Mar 19, 2013 | Article, Michael Lawrence

In 2001-2, the United Nations supervised a disarmament, demobilization and reintegration (DDR) program in Sierra Leone that processed 72,000 individuals, the majority of whom were youth. The program was a great success in its ability to disarm society, dissolve the military ranks of the Revolutionary United Front and reduce the size of the Sierra Leonean Armed Forces; but like DDR programs elsewhere, the ‘reintegration’ component proved thin and ineffective. Many former-combatants (especially youth) were unable to return to their home communities due to their actions during the war and opted instead to stay in the cities, where they found scant economic opportunities or social protections. As one youth activist explained, the peace process “disarmed the gun but not the mind” and these former combatants have been exploited by elites to foment political violence, especially around election time.

In this context, the most successful DDR and youth employment initiative did not come from United Nations or Government programming; it arose from disempowered youth helping themselves by founding the Sierra Leone Bike Riders Union, popularly known as the Okada Riders. The organization began in Makeni during the war when displaced youth banded together to provide a dirt-bike taxi service. The organization expanded rapidly at the end of the war to its present membership of approximately 200,000 riders spread across the country, half of whom are ex-combatants (by the estimate of the Union’s President). (In contrast, a US$10 million World Bank cash-for-work program has only managed to reach 25,000 youth, and only on a temporary, unsustainable basis).

Internally, the Union has a democratic structure that spans from the National Chairman and President to Regional Chairmen, District Chairmen, and to Park Chairmen at bike hubs. By pooling member dues, the organization creates a social safety net for its members by funding health care and other services when needed. Given the poor state of most of Sierra Leone’s roads and the traffic congestion of Freetown, the Riders provide an essential service and are often the most efficient form of transportation in the country.

The bottom-up nature of the Okada riders is not without problems in relation to the top, however. The Riders, given the inadequacy of government and international programs, went it alone to pursue their own form of development, and created a social network separate from state authority, which can easily come into conflict with the state and its laws. Indeed, the Riders are widely viewed as a law unto themselves in ways that go well beyond mere traffic violations. In June 2012, for example, an Officer of the Operations Support Division (OSD) of the Sierra Leone Police shot an Okada Rider in the back at a checkpoint in the Goderich area of Freetown. Over 200 Riders retaliated by attacking the local police station with rocks, injuring two constables and forcing the officers to flee as their office was ransacked. The issue was ultimately resolved when the OSD Officer who killed the Rider was jailed for murder, and the Inspector General of Police issued stern orders concerning the use of lethal force.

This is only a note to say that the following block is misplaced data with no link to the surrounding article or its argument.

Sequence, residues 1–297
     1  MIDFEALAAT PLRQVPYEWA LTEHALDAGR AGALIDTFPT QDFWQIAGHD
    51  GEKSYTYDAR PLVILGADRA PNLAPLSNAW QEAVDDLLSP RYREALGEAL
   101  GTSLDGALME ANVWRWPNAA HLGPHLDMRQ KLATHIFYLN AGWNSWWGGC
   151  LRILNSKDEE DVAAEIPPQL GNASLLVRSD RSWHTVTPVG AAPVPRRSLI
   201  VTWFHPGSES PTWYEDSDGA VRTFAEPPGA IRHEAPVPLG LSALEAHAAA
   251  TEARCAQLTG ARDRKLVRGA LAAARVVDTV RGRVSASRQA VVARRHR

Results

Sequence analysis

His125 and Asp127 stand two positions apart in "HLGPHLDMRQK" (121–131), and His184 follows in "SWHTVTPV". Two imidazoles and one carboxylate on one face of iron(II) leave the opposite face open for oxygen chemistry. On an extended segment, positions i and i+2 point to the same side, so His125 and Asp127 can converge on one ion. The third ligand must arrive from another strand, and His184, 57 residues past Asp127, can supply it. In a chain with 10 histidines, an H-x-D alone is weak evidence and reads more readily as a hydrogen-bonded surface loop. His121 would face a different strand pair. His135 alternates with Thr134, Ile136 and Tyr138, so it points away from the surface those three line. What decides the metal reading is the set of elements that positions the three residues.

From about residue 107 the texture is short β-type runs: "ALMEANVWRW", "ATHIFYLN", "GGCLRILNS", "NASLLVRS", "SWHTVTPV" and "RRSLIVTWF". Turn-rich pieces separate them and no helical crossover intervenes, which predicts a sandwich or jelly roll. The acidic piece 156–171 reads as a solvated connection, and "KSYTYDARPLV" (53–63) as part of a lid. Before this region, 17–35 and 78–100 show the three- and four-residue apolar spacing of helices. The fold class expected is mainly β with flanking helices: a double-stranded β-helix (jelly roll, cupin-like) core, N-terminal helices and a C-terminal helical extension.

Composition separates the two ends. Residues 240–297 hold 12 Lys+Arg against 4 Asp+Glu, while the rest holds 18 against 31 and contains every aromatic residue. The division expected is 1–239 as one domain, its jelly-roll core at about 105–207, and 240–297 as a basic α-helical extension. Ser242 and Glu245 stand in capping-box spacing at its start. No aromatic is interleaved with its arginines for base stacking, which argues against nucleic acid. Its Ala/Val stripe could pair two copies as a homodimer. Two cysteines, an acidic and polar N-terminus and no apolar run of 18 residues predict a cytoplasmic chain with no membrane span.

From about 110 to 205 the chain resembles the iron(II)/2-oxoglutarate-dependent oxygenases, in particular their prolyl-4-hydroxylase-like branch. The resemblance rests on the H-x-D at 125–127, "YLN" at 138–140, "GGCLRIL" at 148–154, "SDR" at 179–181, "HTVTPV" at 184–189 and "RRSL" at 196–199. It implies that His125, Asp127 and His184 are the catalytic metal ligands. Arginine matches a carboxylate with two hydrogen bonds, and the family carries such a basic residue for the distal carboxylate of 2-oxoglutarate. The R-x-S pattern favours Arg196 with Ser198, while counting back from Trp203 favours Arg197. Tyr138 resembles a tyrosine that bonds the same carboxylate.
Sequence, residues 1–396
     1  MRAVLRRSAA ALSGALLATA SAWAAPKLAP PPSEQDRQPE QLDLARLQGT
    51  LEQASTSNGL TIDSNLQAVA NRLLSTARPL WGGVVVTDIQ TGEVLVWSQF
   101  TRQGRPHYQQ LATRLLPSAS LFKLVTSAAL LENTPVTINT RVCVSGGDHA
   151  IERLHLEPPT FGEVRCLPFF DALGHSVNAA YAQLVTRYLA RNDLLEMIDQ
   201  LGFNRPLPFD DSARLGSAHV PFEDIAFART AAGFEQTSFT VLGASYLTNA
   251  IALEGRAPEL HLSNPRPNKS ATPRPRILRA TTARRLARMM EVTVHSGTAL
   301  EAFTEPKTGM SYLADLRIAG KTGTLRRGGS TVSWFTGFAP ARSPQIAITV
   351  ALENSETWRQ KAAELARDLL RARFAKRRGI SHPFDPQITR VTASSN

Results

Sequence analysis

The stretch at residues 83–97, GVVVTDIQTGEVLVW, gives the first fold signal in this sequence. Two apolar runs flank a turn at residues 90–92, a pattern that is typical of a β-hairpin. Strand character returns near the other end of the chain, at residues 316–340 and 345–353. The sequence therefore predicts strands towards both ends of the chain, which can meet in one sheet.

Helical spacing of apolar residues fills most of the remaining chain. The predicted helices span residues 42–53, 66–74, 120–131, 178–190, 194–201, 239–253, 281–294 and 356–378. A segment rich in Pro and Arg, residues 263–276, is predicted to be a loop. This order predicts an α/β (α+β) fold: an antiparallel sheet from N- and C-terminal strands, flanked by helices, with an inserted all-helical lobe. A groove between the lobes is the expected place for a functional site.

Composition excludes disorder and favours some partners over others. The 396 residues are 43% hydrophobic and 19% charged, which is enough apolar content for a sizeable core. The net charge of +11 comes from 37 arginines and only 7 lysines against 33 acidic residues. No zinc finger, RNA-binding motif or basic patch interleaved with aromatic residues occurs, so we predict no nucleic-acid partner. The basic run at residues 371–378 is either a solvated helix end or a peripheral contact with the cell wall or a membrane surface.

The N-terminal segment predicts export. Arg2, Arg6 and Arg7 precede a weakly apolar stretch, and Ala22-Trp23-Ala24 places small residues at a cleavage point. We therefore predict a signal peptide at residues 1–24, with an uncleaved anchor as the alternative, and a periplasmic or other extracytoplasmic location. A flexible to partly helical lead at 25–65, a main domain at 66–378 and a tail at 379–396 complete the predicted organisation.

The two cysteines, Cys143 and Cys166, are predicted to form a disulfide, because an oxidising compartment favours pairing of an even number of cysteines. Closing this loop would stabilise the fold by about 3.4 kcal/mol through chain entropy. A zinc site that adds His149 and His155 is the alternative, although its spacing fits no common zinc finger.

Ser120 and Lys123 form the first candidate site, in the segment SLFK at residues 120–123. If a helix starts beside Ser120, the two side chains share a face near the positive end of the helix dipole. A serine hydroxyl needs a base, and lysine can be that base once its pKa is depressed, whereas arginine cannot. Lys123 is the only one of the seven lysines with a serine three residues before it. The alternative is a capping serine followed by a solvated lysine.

In a more recent problem, the Government of Sierra Leone has now banned the Riders from several of the major streets of Freetown in order to address the high incidence of accidents. While the concern for safety is laudable, this sweeping move is risky because it sends the wrong signal to the Riders: not only has the government been unable to provide for the well-being of the riders, now it appears to be taking their self-help livelihoods away. So far, the riders have adapted to the ban by pretending to be private riders rather than taxis, or by simply ignoring the ban when the police are not around. But if the government takes further steps to enforce this measure, Freetown will likely witness a multitude of conflicts between police and the riders, which could easily turn violent. (Indeed, one of the key motives to form the Riders Union was to protect its members from harassment by police and other state agents).

Despite these problems, the Riders’ Union is easily the most successful youth employment scheme in the country, and as such, an important source of peace and stability in a context of persistent youth marginalization. Indeed, the Riders’ Union sees itself as upholding the rule of law because it keeps youth employed and prevents them from becoming a source of instability. It is keen to project a lawful and responsible image and hosts public events. It even bestowed the honorary title ‘Chief Bike Rider’ upon the country’s President, Ernest Bai Koroma.

Ultimately, the case of the Okada Riders demonstrates the resilience and creativity of youth and former-combatants in creating their own opportunities for development, but also suggests a crucial cautionary note for the peacebuilding enterprise in Sierra Leone: if the state is not able to provide livelihoods and empowerment to youth, they will create their own social systems which can easily come into conflict — even violent conflict — with state structures and the rule of law while paradoxically constituting a key force for peace.

Author

Michael Lawrence is an Associate at the Security Governance Group presently conducting field research on youth and peacebuilding in Sierra Leone, where he is a frequent passenger of the Okada Riders.